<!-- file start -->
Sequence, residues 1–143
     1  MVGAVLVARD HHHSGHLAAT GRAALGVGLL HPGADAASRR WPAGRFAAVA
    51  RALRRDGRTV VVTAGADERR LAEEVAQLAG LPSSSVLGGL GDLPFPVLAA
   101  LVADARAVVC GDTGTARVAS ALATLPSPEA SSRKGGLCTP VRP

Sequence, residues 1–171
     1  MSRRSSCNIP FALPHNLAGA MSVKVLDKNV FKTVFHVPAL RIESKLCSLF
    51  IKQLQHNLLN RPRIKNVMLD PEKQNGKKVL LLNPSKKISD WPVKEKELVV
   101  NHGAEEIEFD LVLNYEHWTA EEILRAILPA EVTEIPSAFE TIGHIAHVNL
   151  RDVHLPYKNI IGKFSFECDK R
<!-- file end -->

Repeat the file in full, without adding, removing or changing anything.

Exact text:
Sequence, residues 1–143
     1  MVGAVLVARD HHHSGHLAAT GRAALGVGLL HPGADAASRR WPAGRFAAVA
    51  RALRRDGRTV VVTAGADERR LAEEVAQLAG LPSSSVLGGL GDLPFPVLAA
   101  LVADARAVVC GDTGTARVAS ALATLPSPEA SSRKGGLCTP VRP

Sequence, residues 1–171
     1  MSRRSSCNIP FALPHNLAGA MSVKVLDKNV FKTVFHVPAL RIESKLCSLF
    51  IKQLQHNLLN RPRIKNVMLD PEKQNGKKVL LLNPSKKISD WPVKEKELVV
   101  NHGAEEIEFD LVLNYEHWTA EEILRAILPA EVTEIPSAFE TIGHIAHVNL
   151  RDVHLPYKNI IGKFSFECDK R